Mo Farah stole the show at the athletics show in the 10,000m on Saturday, the United States says it reached 1,000 gold medals overall, but the night belonged to an emotional Phelps.
The 31-year-old had to come from behind on the butterfly leg of the 4x100m medley but set up the victory in 3min 27.95sec which included a world record in the backstroke leg by America’s Ryan Murphy.
It was a fittingly triumphant swansong for Phelps, 31, the most decorated Olympian in history who added five golds and a silver in Rio. He finished his career with 28 medals overall.
Phelps said he had felt himself “starting to crack” heading for the pool. But the man who gave up once after the 2012 London Games said he had no regrets about returning to competition.
“This is how I wanted to finish my career. I’ve lived a dream come true. Being able to cap it off with these Games is just the perfect way to finish,” he said.
The women’s quartet of Kathleen Baker, Lilly King, Simone Manuel and Dana Vollmer also won their race, which the US Olympic Committee said took the country to 1,000 Olympic golds.
Usain Bolt is also looking for a perfect finish to his Olympic career, by sweeping the 100m, 200m and relay sprint golds for the third straight Olympics.
The Jamaican and his US arch-rival Justin Gatlin both came through their preliminary races with ease Saturday.
Barring a catastrophe, they will clash in the final at 0125 GMT (Monday) and both are confident.
“I’m feeling good. I’m happy,” said Bolt. “So now it’s all about execution and getting it right when it comes to the finals.”
On the track, Mo Farah had to pick himself up after being clipped by training partner Galen Rupp in the 10,000m.
He gave a thumbs up to Rupp, galloped away and produced a trademark surge on the last bend to win in 27min 05.17sec.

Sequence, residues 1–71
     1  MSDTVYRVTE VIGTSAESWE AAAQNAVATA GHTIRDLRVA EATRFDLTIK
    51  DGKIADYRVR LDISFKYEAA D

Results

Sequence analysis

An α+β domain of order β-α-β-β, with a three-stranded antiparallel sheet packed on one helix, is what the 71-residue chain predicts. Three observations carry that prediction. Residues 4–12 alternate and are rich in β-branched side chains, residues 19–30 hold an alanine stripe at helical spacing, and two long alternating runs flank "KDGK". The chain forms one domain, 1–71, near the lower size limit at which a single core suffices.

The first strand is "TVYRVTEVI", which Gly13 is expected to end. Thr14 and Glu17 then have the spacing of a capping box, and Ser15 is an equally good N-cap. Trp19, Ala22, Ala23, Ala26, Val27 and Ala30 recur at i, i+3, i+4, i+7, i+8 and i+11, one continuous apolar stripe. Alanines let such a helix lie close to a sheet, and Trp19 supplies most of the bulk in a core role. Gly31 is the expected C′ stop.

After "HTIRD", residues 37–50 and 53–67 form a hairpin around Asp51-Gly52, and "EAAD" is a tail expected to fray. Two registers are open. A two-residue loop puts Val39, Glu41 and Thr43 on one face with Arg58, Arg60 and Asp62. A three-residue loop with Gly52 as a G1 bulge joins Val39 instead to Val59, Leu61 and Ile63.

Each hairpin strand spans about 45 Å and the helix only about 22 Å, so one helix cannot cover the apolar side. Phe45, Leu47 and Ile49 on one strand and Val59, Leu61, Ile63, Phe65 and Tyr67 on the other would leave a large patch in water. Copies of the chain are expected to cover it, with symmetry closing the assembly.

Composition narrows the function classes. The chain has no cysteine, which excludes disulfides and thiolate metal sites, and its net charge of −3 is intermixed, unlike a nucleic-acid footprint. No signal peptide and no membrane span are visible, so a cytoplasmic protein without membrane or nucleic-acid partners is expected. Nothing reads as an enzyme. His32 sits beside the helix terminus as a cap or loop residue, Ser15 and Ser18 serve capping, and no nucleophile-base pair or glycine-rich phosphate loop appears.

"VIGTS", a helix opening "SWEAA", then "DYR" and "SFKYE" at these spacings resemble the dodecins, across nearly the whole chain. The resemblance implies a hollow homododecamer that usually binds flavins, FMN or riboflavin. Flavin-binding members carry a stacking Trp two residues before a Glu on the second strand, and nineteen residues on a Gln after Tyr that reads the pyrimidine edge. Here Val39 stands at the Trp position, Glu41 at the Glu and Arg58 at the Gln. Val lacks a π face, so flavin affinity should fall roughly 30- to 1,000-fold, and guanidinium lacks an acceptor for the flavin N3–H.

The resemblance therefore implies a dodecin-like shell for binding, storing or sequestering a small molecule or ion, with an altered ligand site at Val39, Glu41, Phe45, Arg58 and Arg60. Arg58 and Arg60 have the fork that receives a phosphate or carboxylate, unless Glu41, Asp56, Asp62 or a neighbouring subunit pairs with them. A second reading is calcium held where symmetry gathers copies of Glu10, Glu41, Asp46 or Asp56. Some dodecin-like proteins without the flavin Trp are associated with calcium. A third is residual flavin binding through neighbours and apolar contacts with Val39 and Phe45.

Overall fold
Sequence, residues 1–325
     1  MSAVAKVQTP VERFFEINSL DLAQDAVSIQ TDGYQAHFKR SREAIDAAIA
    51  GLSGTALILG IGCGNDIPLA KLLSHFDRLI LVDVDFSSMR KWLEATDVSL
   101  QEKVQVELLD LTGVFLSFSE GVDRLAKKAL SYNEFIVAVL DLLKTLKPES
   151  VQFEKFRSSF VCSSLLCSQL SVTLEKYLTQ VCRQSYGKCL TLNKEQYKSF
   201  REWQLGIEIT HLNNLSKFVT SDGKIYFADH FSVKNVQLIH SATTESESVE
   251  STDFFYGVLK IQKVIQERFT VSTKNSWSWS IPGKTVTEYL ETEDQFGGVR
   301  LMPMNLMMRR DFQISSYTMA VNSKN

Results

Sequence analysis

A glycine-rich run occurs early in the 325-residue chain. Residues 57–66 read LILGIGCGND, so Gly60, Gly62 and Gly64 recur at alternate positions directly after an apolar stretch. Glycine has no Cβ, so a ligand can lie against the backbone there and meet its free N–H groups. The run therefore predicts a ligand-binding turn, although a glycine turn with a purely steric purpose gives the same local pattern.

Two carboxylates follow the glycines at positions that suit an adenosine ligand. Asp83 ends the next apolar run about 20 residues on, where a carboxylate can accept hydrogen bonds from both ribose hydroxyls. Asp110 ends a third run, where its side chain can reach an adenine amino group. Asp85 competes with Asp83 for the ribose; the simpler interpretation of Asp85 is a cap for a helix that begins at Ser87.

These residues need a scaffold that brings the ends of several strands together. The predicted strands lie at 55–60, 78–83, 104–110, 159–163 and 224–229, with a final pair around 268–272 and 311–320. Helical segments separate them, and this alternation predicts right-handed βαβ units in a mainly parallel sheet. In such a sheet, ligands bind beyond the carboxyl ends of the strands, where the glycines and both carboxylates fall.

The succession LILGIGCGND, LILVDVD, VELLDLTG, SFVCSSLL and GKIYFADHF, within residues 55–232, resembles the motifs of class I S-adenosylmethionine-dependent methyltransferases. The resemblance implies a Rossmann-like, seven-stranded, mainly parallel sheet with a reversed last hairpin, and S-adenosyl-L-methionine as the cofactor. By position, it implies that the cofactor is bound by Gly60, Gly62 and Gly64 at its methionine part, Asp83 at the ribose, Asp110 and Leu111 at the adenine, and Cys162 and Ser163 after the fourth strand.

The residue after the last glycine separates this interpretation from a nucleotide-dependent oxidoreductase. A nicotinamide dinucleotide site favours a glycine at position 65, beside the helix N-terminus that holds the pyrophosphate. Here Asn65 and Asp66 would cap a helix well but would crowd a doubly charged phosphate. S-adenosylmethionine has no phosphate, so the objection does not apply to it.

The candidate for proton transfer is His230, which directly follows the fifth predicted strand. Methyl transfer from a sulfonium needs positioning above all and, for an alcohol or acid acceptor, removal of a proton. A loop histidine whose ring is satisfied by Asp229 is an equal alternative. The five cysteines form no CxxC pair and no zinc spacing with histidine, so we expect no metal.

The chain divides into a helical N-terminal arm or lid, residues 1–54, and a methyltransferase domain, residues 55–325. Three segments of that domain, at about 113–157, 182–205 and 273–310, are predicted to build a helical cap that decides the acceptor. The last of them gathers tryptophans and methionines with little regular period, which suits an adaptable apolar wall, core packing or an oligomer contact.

“When I went down, I thought, ‘Oh my God, that is it.’ I just got up and wanted to stick with the guys and stay strong,” Farah said. “It’s never easy but everyone knows what I can do.”
Elaine Thompson ended the reign of Shelly-Ann Fraser-Pryce with a women’s 100m victory of 10.71sec which torpedoed her fellow Jamaican’s hopes of an Olympic hat-trick in the event.
Tori Bowie of the United States took silver with 10.83sec while Fraser-Pryce claimed bronze in 10.86.
Twenty-one golds were on offer on ‘Super Saturday’ but there was no repeat for Britain’s golden girl Jessica Ennis-Hill, who was dramatically denied a second straight heptathlon win.
Belgium’s Nafissatou Thiam needed to finish the closing 800m, within nine seconds of Ennis-Hill, and made it when she crossed 7.47sec behind.
American Jeff Henderson won the long jump with a leap of 8.38m, and immediately dedicated the victory to his mother, who has Alzheimer’s disease.
“My mum can’t be here, she has Alzheimer’s. When I place that medal in her hands, I’ll be crying,” Henderson said.
Germany’s Christoph Harting won discus gold to keep the title in the family after his brother Robert, the 2012 champion, ruined his chances by straining his back while turning off a light with his foot.
At the velodrome, Britain’s Katie Archibald, Laura Trott, Elinor Barker and Joanna Rowsell-Shand smashed the women’s team pursuit world record for the second time in 48 hours to take gold, beating world champions USA to defend their title.
The Netherlands’ Elis Ligtlee pulled off a shock when she won the women’s keirin, beating Britain’s Becky James with Australian legend Anna Meares third.
Brazil and Argentina’s basketball captains appealed for calm among their rival fans before the visitors won a gripping contest 111-107 after double overtime.
But football star Neymar cheered the hosts as he curled in a free kick for his first goal of the competition in a 2-0 quarter-final victory over Colombia.
In tennis, Andy Murray shrugged off a code violation for directing the word “stupid” at the umpire to crush Japan’s Kei Nishikori 6-1, 6-4 and move to the men’s singles final.
Seeking to become the first player to win back-to-back Olympic singles titles, the world number two will face Juan Martin del Potro, who edged 2008 champion Rafael Nadal 5-7, 6-4, 7-6, (7/5).
Olympic rowing ended Saturday with Great Britain winning the men’s eight gold to top the medal table for the third successive Games.